The point I’m trying to make is that I am the most unpleasant, rude, ignorant, and all-around obnoxious arsehole that anyone could possibly have the misfortune to meet. I am dismissive of the virtuous, unaware of the beautiful, and uncomprehending in the face of the happy. So if I didn’t understand I was being asked to be the best man, it is because I never expected to be anybody’s best friend, and certainly not the best friend of the bravest and kindest and wisest human being I have ever had the good fortune of knowing. John, I am a ridiculous man, redeemed only by the warmth and constancy of your friendship. But as I am apparently your best friend, I cannot congratulate you on your choice of companion. Actually, now I can. Mary, when I say you deserve this man, it is the highest compliment of which I am capable. John, you have endured war, and injury, and tragic loss — so sorry again about that last one. So know this: Today, you sit between the woman you have made your wife and the man you have saved. In short, the two people who love you most in all this world. And I know I speak for Mary as well when I say we will never let you down, and we have a lifetime ahead to prove that. Now, on to some funny stories about John...
So, if he wants to treat me like I’m ten instead of twenty, that’s okay. If he wants to have one of his company cars take me and pick me up from school, that’s okay. And if he insists that I live with him until I graduate college, that’s okay. But I’ll be damned if he’s going to stop me from seeing Christian.
Just a minute," said Lobsang. "Who are you? Time has stopped, the world is given over to...fairy tales and monsters, and there's a schoolteacher walking around?""Best kind of person to have," said Susan. "We don't like silliness. Anyway, I told you. I've inherited certain talents.""Like living outside of time?""That's one of them.""It's a weird talent for a schoolteacher!""Good for marking, though," said Susan calmly.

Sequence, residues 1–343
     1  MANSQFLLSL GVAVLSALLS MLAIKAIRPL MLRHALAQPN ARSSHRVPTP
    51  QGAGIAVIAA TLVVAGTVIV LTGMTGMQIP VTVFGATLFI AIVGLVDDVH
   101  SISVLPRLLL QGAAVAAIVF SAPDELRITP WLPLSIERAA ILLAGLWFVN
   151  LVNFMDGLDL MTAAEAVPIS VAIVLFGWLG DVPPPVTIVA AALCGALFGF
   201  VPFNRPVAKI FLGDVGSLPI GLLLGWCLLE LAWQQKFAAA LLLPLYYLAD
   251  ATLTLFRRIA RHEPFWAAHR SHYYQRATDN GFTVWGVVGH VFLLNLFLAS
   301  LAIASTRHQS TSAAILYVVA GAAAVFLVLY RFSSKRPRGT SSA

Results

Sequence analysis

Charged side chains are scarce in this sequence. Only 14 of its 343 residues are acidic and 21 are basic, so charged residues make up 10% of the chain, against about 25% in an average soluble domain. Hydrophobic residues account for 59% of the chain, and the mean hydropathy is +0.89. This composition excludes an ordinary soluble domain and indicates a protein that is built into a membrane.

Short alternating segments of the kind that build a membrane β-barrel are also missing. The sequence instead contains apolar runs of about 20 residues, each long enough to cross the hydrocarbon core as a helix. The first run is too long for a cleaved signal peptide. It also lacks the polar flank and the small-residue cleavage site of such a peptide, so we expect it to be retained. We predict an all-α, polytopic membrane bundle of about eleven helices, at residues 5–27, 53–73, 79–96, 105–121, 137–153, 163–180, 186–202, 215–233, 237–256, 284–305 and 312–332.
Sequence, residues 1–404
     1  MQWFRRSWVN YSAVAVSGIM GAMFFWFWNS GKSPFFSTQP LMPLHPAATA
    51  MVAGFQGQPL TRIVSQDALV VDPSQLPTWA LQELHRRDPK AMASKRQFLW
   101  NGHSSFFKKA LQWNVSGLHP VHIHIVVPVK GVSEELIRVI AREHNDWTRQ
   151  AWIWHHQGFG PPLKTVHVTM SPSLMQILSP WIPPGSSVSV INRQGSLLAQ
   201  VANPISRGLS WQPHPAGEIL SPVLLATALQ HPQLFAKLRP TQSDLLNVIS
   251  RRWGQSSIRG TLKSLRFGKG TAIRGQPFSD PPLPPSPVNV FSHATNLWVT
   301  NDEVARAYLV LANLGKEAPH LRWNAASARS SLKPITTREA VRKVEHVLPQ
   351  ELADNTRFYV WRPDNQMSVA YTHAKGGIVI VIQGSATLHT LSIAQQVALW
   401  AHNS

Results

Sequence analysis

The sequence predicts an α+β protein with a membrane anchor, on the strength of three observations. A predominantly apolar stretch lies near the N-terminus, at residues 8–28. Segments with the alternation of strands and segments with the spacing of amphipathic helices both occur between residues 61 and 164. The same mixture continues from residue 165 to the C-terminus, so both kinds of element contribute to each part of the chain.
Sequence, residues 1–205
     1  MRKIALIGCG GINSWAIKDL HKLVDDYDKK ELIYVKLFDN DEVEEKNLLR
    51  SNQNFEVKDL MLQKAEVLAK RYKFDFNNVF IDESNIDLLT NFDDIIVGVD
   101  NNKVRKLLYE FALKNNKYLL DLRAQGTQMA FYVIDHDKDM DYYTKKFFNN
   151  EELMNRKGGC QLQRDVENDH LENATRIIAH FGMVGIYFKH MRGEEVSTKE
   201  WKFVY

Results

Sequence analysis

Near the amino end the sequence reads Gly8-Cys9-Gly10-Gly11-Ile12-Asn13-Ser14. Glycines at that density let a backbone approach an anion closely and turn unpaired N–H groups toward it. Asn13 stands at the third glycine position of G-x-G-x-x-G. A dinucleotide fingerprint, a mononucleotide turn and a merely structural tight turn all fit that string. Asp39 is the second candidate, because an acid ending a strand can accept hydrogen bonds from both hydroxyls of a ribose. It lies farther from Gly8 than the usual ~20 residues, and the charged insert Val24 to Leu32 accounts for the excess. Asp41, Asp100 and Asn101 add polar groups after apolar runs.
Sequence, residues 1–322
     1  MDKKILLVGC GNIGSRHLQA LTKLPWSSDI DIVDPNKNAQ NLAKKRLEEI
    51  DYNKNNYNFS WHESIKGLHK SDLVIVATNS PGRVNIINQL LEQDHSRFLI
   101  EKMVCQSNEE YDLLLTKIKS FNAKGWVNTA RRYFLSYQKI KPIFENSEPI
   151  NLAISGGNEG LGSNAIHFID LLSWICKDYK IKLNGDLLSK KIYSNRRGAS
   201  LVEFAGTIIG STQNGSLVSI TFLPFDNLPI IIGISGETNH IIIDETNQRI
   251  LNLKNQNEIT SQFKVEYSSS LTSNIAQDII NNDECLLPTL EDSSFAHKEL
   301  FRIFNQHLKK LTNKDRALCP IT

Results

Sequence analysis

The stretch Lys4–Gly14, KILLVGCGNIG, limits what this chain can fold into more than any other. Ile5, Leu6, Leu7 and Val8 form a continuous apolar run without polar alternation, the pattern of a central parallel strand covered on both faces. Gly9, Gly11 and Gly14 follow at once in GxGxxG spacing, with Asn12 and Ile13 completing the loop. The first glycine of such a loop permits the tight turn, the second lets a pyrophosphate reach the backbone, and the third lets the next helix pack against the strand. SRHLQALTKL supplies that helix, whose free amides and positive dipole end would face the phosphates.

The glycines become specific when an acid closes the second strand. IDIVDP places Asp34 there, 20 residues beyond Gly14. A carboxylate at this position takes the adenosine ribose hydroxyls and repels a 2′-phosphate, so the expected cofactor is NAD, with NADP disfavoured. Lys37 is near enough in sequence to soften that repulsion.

But that wasn't the chief thing that bothered me: I couldn't reconcile myself with that preoccupation with sin that, so far as I could tell, was never entirely absent from the monks' thoughts. I'd known a lot of fellows in the air corps. Of course they got drunk when they got a chance, and had a girl whenever they could and used foul language; we had one or two had hats: one fellow was arrested for passing rubber cheques and was sent to prison for six months; it wasn't altogether his fault; he'd never had any money before, and when he got more than he'd ever dreamt of having, it went to his head. I'd known had men in Paris and when I got back to Chicago I knew more, but for the most part their badness was due to heredity, which they couldn't help, or to their environment, which they didn't choose: I'm not sure that society wasn't more responsible for their crimes than they were. If I'd been God I couldn't have brought myself to condemn one of them, not even the worst, to eternal damnation. Father Esheim was broad-minded; he thought that hell was the deprivation of God's presence, but if that is such an intolerable punishment that it can justly be called hell, can one conceive that a good God can inflict it? After all, he created men, if he so created them that ti was possible for them to sin, it was because he willed it. If I trained a dog to fly at the throat of any stranger who came into by back yard, it wouldn't be fair to beat him when he did so.If an all-good and all-powerful God created the world, why did he create evil? The monks said, so that man by conquering the wickedness in him, by resisting temptation, by accepting pain and sorrow and misfortune as the trials sent by God to purify him, might at long last be made worthy to receive his grace. It seem to me like sending a fellow with a message to some place and just to make it harder for him you constructed a maze that he had to get through, then dug a moat that he had to swim and finally built a wall that he had to scale. I wasn't prepared to believe in an all-wise God who hadn't common sense. I didn't see why you shouldn't believe in a God who hadn't created the world, buyt had to make the best of the bad job he'd found, a being enormously better, wiser and greater than man, who strove with the evil he hadn't made and who might be hoped in the end to overcome it. But on the other hand I didn't see why you should.